Boulder Creek filmmaker captures different take on education
Originally posted in the San Jose Mercury News May 16, 2011
By Kirsten Fairchilds
Santa Cruz Sentinel
BOULDER CREEK — Working as a documentary filmmaker has helped Bob Gliner see the world.
Not the kind of world a typical tourist might yearn to see, but rather the international destinations an American filmmaker interested in ideas such as social justice and social change would want to explore.
From traveling to Russia in 1986 to examining American stereotypes of the Soviet people during Ronald Reagan’s presidency to heading to Cuba in 1997 to document the effects of the U.S. economic blockade on the Cuban people, Gliner estimated that he’s traveled to 35 countries and made 40 films.
A Boulder Creek resident, Gliner gave his passport a rest for his latest production, which had its Bay Area premiere Sunday and airs again Tuesday on KTEH.
Called “Lessons from the Real World,” the 57-minute film examines how public K-12 schools in Portland, Ore., are weaving social issues through their curriculum as a way to engage students both in and out of the classroom.
Gliner shot the film over a 10-week period last year from April to June. He spent significant time in eight K-12 schools, as well as at Portland State University.
Although “Lessons from the Real World” kept Gliner, 68, relatively close to home, the subject matter he elected to tackle was no less controversial or comprehensive than his previous endeavors.
“I hope this show is widely seen as a way of joining in the debate in what should be happening in education today,” said Gliner, who has also been a sociology professor at San Jose State University for 35 years. “Particularly the debate around No Child Left Behind’ and the updated version, Race to the Top.'”
“In the beginning, the people behind No Child Left Behind’ were well-meaning because they thought students were being left behind,” Gliner continued. “However, in the process of implementing the legislation, they lost sight of the goal and instead focus only on increasing test scores.”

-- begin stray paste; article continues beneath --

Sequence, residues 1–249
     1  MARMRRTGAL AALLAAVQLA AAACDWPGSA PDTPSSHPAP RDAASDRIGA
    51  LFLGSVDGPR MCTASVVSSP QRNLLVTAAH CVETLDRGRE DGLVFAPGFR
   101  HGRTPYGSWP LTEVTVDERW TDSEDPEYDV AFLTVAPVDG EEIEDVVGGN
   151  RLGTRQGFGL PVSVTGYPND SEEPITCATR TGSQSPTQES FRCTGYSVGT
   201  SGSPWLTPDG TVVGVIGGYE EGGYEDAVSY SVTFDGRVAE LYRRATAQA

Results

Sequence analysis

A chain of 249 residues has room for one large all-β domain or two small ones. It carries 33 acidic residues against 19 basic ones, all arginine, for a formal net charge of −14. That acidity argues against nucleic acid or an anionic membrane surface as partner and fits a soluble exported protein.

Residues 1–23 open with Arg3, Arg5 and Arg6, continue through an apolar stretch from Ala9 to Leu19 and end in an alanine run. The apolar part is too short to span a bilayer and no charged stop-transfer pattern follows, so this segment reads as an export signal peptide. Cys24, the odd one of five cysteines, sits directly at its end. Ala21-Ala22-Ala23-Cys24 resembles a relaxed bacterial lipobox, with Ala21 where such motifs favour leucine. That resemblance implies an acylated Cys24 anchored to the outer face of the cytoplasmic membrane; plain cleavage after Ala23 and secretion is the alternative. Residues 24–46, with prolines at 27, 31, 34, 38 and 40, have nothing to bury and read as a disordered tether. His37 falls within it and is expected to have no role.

That focus, according to Gliner, has not only been to the detriment of students, but to society as a whole.
“Schools are narrowing the curriculum to just the areas in which students will be tested on,” Gliner said. “Students are getting bored — it’s become a self-defeating process.
“The more schools seem to focus on these areas, the more students aren’t being motivated to become educated citizens,” he continued. “Another equally important consequence is that we’re turning out students who are politically illiterate.”
That won’t likely be the case for a group of Portland students if third-grade teacher Jeremy Thomas can continue with his approach. A teacher for three years at Sunnyside Environmental School — a public K-8 school located in Southeast Portland — Thomas is seen in the film teaching mathematical principles by sending his students out into their community with parental supervision to collect data and graph results around the idea of cycling as transportation.
The students then presented their findings at a Portland City Council meeting, after researching the role of both the city council as well as the members that serve on it.
“Bob’s film showed teachers being true professionals,” said Thomas, in a recent telephone interview after seeing the film. “He showed teachers that are dedicated, creative and willing to innovate — those that are not just going along with a scripted program that focuses solely on test scores.” “I was really impressed,” Thomas continued. “It was really nice to see a portrait of schools that was really positive. I feel there’s been a lot of negativity toward schools and teachers in the media recently.
For Gliner, who’s already hard at work on his next film, a search for something positive in the current state of education was the motivating factor to make “Lessons from the Real World” in the first place.
“What I wanted to show in this documentary is what’s possible for schools to do in terms of curriculum that focuses on social issues and engages the student,” Gliner said. “It doesn’t mean that all schools in Portland are like the ones in the film, but what it does show is that what is happening in Portland is possible anywhere else in the country.
“I like to think that this is an upbeat look at public schools,” he continued. “It shows a way to motivate students to do well.”
Bob Gliner’s “Lessons from the Real World” airs Tuesday at 8 p.m. on PBS station KCSM and at 11 p.m. on KTEH. For more information, visit www.docmakeronline.com.